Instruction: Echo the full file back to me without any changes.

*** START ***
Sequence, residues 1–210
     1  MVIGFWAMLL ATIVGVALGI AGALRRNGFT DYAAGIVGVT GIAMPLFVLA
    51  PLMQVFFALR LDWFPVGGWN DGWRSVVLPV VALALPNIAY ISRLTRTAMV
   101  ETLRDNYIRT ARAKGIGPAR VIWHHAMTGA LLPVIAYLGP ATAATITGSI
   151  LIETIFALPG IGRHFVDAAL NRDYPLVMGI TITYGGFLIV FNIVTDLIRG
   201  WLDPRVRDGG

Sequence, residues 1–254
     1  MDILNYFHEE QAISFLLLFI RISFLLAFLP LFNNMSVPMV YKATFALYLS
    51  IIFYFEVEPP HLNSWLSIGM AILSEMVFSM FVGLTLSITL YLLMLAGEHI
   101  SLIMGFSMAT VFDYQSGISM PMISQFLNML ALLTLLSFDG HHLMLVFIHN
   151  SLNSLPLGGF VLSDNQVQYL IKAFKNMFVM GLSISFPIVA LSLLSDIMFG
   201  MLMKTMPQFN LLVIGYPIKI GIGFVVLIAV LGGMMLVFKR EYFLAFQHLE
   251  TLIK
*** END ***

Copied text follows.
Sequence, residues 1–210
     1  MVIGFWAMLL ATIVGVALGI AGALRRNGFT DYAAGIVGVT GIAMPLFVLA
    51  PLMQVFFALR LDWFPVGGWN DGWRSVVLPV VALALPNIAY ISRLTRTAMV
   101  ETLRDNYIRT ARAKGIGPAR VIWHHAMTGA LLPVIAYLGP ATAATITGSI
   151  LIETIFALPG IGRHFVDAAL NRDYPLVMGI TITYGGFLIV FNIVTDLIRG
   201  WLDPRVRDGG

Sequence, residues 1–254
     1  MDILNYFHEE QAISFLLLFI RISFLLAFLP LFNNMSVPMV YKATFALYLS
    51  IIFYFEVEPP HLNSWLSIGM AILSEMVFSM FVGLTLSITL YLLMLAGEHI
   101  SLIMGFSMAT VFDYQSGISM PMISQFLNML ALLTLLSFDG HHLMLVFIHN
   151  SLNSLPLGGF VLSDNQVQYL IKAFKNMFVM GLSISFPIVA LSLLSDIMFG
   201  MLMKTMPQFN LLVIGYPIKI GIGFVVLIAV LGGMMLVFKR EYFLAFQHLE
   251  TLIK